Students are sometimes permitted to bring goodies to class for special occasions.
One occasion in my class had nothing to do with special events.
I taught an applied math class to sophomores after I moved to the high school. The applied math principle was to go from real life situations to theory instead of the other way around.
I brought in commercial bakery goods for a lesson in calories. Students were tasked with using a scale, a recipe, and a table of ingredient calories per weight unit. When they showed me their calculations for a good estimate, they were allowed to eat the treat.
Calculating the calorie content of home baked treats was included in the series of lessons. I gave the class a recipe for brownies, provided some calorie references for raw ingredients and assigned them to do the calculations as a homework assignment. They also had an option to use a favorite family recipe but had to supply it with their homework.
One girl who had been in my all girl English class at the junior high school asked if she could make the brownies and bring them in with her completed homework. Another said one batch wouldn’t be enough for the class and said she’d bring in a batch too.
Eating wasn’t generally allowed in classrooms, but like I said, I was teaching applied math which was based on activities followed by theory. The girls told me that they actually did the baking together and just made a double batch. Since it was homework, I allowed the class to finish the product of the project while I introduced a new lesson. I set my ‘teacher size’ brownie to the side planning to eat it with lunch.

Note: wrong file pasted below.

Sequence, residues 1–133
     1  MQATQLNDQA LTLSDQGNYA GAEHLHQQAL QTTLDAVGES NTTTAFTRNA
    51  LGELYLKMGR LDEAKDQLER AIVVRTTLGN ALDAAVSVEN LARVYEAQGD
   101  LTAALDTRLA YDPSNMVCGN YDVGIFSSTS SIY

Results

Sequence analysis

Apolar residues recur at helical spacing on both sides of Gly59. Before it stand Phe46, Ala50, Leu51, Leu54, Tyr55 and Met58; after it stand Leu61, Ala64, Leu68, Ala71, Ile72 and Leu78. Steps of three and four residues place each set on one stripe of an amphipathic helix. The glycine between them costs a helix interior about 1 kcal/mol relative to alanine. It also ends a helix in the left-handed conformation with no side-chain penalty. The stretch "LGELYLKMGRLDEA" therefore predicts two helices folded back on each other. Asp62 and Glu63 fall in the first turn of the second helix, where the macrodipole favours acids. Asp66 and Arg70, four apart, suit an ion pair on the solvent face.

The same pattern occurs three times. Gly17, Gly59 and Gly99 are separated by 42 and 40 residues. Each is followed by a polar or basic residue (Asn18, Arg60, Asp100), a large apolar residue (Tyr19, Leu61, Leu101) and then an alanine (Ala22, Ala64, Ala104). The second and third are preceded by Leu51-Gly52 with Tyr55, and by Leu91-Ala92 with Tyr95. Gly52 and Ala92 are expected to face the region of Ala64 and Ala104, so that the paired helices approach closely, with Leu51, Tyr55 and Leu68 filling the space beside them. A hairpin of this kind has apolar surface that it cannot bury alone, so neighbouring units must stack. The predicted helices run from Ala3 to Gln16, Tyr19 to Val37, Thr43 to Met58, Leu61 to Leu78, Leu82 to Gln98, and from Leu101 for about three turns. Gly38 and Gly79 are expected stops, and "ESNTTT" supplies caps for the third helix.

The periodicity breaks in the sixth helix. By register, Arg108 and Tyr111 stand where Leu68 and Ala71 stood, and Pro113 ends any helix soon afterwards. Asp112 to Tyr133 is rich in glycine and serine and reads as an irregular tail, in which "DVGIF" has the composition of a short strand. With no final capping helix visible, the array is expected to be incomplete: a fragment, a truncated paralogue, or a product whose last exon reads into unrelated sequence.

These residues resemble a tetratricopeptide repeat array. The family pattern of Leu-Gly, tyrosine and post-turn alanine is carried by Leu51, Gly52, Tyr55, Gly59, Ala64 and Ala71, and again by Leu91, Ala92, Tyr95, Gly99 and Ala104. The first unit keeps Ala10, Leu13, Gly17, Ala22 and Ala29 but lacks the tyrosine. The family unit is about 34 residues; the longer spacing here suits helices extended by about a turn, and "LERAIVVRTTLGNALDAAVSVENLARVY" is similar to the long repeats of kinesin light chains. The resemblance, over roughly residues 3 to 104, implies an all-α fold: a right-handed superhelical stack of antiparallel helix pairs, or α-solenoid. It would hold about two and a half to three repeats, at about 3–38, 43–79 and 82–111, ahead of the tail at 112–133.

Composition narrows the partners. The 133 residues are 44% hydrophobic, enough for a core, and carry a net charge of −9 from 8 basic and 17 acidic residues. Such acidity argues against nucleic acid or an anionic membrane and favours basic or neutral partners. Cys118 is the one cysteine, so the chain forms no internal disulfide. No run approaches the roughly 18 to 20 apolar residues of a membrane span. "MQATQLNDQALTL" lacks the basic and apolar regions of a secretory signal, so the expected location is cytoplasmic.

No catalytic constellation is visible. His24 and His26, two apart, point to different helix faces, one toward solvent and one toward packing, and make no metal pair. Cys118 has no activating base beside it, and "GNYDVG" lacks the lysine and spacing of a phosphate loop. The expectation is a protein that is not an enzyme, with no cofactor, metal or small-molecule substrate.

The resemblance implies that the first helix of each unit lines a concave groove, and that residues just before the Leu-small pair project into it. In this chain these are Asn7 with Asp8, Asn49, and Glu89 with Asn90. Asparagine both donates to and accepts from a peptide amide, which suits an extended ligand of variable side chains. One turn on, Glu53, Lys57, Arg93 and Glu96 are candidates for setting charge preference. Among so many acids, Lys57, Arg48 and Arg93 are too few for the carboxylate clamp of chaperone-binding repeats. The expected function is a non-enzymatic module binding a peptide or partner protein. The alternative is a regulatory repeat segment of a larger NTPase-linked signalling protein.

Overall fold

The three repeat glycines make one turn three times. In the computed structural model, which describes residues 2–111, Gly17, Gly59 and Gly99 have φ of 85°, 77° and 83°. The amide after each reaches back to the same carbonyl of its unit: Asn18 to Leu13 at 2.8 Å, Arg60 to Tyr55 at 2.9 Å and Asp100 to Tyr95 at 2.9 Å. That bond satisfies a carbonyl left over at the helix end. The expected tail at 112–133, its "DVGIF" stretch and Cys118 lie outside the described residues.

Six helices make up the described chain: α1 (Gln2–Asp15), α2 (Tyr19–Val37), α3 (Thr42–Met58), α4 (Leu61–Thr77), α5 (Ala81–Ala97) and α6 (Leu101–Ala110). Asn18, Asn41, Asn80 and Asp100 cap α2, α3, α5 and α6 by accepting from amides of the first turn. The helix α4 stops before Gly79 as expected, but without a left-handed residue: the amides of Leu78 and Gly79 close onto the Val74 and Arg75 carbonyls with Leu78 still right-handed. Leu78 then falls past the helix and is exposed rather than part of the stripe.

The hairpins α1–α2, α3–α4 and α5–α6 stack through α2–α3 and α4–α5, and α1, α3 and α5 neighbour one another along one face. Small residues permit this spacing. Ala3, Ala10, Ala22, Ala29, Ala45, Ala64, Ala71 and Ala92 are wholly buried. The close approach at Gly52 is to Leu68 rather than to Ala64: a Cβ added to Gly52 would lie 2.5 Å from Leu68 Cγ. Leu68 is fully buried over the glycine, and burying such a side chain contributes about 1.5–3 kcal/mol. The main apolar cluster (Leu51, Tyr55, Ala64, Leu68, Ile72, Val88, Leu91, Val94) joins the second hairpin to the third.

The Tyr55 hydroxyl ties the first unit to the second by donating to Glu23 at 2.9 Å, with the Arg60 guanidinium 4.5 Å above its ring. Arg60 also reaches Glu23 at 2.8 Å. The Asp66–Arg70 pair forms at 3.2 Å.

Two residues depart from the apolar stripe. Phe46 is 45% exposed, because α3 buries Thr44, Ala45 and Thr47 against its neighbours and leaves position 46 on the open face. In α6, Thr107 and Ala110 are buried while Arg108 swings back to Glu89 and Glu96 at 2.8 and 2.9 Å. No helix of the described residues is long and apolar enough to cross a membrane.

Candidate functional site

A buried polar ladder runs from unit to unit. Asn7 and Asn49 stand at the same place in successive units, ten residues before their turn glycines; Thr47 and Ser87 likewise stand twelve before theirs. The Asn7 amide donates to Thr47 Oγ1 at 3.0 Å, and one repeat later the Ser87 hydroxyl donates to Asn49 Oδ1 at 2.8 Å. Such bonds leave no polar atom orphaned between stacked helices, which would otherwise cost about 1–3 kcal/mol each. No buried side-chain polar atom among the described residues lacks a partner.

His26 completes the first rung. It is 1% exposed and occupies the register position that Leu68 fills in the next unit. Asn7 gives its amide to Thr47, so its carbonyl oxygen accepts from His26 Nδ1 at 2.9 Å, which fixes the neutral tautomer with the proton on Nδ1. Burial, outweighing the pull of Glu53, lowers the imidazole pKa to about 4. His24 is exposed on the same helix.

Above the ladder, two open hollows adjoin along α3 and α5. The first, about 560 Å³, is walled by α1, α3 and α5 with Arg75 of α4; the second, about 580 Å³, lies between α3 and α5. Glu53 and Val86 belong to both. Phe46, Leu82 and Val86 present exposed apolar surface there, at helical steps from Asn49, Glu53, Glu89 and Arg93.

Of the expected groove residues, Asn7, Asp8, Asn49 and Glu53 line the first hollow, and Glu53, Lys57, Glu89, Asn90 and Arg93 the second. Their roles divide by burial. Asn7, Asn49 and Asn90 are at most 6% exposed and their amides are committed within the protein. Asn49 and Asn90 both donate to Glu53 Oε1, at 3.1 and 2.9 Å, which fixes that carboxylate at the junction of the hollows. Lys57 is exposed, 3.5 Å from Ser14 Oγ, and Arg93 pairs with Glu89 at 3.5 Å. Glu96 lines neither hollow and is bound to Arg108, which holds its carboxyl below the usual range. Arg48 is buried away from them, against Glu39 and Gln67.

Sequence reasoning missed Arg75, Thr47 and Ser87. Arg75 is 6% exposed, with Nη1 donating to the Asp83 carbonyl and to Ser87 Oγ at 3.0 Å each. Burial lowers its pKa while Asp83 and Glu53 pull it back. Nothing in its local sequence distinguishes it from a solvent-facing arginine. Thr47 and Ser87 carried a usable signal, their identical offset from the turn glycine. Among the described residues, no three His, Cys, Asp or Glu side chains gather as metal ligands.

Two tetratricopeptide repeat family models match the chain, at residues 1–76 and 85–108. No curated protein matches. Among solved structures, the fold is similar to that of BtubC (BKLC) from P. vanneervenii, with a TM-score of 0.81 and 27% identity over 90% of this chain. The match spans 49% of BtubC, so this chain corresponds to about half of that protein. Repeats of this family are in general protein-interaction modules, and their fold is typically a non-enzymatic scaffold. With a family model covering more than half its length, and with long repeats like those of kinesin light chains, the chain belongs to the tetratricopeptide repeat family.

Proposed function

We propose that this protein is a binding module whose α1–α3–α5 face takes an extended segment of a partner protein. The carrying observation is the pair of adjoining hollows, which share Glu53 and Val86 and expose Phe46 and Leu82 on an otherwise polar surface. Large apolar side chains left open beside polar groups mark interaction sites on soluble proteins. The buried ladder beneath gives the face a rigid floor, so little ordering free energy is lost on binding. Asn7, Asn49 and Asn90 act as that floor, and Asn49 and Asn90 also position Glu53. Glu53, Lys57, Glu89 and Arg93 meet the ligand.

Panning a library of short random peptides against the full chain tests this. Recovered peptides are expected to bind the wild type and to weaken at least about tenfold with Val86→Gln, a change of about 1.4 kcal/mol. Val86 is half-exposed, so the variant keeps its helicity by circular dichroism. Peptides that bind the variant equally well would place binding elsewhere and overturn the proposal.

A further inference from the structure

The vice principal came to me at the end of third period class and asked what the kids had to eat in my math lesson. He knew about what I’d been doing with the bakery goods, but not the brownie assignment. Then he said some of the students my class were reported as being goofy or sleepy after class and one was sick.
I told him about the brownies. Then he said one of the boys told him the same thing and added they had cannabis baked in but wouldn’t say who brought them. I gave him mine for analysis and the two girls spent two weeks suspended.
Ironically, the one who got sick was one of the bakers. Applied math provided an unexpected lesson for her.